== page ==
The Washington Poison Center outlines a number of ways in which improper disposal of medications can cause significant damage, including the following:

  • Damage to the environment – Flushing medications down the sink or toilet sends chemicals directly into water sources, not only potentially harming aquatic life, but also potentially harming humans and animals who consume that water.
  • Accidental poisoning – By leaving unused or expired medications around the house, there becomes a risk of them being ingested unintentionally, resulting in poisoning. Children and pets are susceptible to this, as they are unaware of what consuming these medications can do.
  • Making drugs accessible for abuse – The abuse of prescription medications is a widespread problem, and by not disposing of medications, or by improperly disposing of them, individuals may unknowingly be placing them in the hands of drug users. Whether it is a teenager within the home, or someone who is searching through garbage on the street, making these drugs accessible in any fashion can aid in feeding someone’s drug habit.

The greater Seattle area has, unfortunately, not been sheltered from the damage related to the improper disposal of prescription medications. The Tacoma-Pierce County Health Department has reported that last year in Pierce County alone, “more than 1,500 children under the age of 6 came in contact with or were poisoned by unused or unsecured medicine [that was] left in the home.”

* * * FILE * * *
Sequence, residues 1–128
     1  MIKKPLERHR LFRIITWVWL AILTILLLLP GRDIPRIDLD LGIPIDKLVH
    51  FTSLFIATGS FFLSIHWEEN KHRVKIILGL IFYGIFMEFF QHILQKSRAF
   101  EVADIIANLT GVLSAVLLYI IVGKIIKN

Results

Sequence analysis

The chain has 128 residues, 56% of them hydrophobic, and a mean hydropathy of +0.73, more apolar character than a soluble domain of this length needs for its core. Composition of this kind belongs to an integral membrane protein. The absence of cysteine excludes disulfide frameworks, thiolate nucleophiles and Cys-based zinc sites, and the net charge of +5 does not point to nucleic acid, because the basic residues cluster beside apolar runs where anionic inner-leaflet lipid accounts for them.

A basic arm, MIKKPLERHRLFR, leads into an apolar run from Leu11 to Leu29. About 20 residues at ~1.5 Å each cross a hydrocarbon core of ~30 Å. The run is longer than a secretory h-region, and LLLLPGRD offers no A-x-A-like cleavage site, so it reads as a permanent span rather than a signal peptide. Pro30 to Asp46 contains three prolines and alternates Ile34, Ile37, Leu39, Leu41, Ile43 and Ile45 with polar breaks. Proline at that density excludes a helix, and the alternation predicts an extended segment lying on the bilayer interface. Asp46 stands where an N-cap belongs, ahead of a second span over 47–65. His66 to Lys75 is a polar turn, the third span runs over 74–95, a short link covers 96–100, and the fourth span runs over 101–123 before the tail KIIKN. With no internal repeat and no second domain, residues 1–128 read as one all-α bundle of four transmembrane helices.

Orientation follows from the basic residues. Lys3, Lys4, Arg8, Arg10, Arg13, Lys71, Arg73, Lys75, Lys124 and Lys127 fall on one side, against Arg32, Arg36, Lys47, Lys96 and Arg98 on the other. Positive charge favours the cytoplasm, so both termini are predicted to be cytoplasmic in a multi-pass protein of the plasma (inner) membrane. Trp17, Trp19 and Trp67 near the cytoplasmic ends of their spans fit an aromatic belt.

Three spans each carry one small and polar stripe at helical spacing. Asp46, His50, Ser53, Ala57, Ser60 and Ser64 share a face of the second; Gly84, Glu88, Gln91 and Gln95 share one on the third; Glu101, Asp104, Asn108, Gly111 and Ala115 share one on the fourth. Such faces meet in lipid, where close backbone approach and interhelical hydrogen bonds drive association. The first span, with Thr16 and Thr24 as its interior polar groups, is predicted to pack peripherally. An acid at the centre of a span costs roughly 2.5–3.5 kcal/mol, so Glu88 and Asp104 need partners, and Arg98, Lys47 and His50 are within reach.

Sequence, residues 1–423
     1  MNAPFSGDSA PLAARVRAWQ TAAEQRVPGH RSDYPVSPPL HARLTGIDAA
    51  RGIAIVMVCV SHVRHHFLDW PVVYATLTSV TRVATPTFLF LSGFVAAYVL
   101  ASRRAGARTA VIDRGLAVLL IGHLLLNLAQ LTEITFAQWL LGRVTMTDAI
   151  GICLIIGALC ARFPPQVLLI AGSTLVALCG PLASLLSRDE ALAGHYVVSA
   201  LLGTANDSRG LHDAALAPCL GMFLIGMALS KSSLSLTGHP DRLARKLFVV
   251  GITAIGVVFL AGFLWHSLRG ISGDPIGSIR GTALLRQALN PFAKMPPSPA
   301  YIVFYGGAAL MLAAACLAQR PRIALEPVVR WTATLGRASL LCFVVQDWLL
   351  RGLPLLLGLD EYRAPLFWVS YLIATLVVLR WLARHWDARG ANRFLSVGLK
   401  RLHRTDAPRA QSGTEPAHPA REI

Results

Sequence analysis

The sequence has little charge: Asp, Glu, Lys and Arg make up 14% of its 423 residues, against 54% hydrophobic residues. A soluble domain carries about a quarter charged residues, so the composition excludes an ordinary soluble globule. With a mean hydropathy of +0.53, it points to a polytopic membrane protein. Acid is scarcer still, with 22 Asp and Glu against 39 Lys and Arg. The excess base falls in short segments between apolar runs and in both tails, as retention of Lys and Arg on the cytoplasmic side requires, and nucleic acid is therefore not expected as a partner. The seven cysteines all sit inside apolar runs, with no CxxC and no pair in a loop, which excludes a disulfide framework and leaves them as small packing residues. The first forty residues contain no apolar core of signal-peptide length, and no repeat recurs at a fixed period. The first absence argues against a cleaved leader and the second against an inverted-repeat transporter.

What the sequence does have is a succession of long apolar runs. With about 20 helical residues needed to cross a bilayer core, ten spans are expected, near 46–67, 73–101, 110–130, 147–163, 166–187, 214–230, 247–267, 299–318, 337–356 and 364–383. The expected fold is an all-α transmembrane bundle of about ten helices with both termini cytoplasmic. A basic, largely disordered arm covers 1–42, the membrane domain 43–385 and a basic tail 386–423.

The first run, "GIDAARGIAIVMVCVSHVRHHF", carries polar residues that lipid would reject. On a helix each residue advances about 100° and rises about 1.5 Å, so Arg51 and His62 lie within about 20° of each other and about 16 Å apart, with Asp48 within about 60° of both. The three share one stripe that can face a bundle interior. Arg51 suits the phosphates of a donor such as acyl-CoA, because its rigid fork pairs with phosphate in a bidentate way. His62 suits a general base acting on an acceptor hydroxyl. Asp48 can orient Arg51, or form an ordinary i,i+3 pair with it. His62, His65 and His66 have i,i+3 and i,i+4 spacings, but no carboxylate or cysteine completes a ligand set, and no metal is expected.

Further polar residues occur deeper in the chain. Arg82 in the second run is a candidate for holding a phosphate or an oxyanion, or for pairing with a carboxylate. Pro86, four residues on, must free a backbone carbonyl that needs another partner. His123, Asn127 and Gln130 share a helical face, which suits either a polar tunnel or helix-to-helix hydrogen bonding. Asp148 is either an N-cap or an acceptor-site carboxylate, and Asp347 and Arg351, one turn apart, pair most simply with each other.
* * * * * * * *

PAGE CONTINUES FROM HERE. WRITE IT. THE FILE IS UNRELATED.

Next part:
The Health Department also noted a report by the National Institute on Drug Abuse that approximately 75 percent of individuals who are addicted to heroin developed their habit after first abusing opioid prescription painkillers.

For these reasons, it is important to know how to properly dispose of medications. And one of the easiest and safest ways to do so is by taking unused, unwanted, or expired medications to an identified drug drop-off location.

Steps are being taken on the legislative side to not only expand the number of drug drop-off locations available, but also to make the process easier for everyone to access. Not far from King County, the Tacoma-Pierce County Board of Health recently passed a regulation that will offer more locations for drop-boxes where medications can be disposed of, while also providing individuals with the option of disposing of their medications via mail at no cost.

The County Board of Health is not the only official organization that is taking steps to remedy this situation.

In an effort to keep medications out of the wrong hands, as well as to protect the environment, the Washington Poison Center will be launching a program called “Take Back Your Meds” in January of 2017. This medicine disposal program will be available to individuals in Tukwila, as well as to all residents of King County. Further information about this program, including where specific disposal sites are located and how to be notified when various locations open, can be found on the following website: http://www.takebackyourmeds.org/.